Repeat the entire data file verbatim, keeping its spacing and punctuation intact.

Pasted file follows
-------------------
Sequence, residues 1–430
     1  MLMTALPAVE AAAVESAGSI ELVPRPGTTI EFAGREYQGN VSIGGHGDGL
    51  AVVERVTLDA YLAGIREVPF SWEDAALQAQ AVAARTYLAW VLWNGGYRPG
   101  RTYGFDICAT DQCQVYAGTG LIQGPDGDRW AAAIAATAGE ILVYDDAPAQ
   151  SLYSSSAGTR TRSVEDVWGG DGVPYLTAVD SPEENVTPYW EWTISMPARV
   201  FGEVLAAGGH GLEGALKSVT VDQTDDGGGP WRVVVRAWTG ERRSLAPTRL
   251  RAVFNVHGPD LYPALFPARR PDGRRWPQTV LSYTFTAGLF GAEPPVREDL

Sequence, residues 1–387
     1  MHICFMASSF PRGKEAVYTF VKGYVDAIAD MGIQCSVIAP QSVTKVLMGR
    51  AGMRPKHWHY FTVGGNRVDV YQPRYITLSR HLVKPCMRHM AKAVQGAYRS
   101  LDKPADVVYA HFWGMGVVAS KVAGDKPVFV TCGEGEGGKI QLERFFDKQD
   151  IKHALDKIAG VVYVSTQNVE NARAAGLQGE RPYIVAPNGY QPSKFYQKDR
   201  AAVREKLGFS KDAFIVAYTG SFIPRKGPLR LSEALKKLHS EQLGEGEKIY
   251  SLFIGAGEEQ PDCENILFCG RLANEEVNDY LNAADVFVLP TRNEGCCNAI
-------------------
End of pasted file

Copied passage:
Sequence, residues 1–430
     1  MLMTALPAVE AAAVESAGSI ELVPRPGTTI EFAGREYQGN VSIGGHGDGL
    51  AVVERVTLDA YLAGIREVPF SWEDAALQAQ AVAARTYLAW VLWNGGYRPG
   101  RTYGFDICAT DQCQVYAGTG LIQGPDGDRW AAAIAATAGE ILVYDDAPAQ
   151  SLYSSSAGTR TRSVEDVWGG DGVPYLTAVD SPEENVTPYW EWTISMPARV
   201  FGEVLAAGGH GLEGALKSVT VDQTDDGGGP WRVVVRAWTG ERRSLAPTRL
   251  RAVFNVHGPD LYPALFPARR PDGRRWPQTV LSYTFTAGLF GAEPPVREDL

Sequence, residues 1–387
     1  MHICFMASSF PRGKEAVYTF VKGYVDAIAD MGIQCSVIAP QSVTKVLMGR
    51  AGMRPKHWHY FTVGGNRVDV YQPRYITLSR HLVKPCMRHM AKAVQGAYRS
   101  LDKPADVVYA HFWGMGVVAS KVAGDKPVFV TCGEGEGGKI QLERFFDKQD
   151  IKHALDKIAG VVYVSTQNVE NARAAGLQGE RPYIVAPNGY QPSKFYQKDR
   201  AAVREKLGFS KDAFIVAYTG SFIPRKGPLR LSEALKKLHS EQLGEGEKIY
   251  SLFIGAGEEQ PDCENILFCG RLANEEVNDY LNAADVFVLP TRNEGCCNAI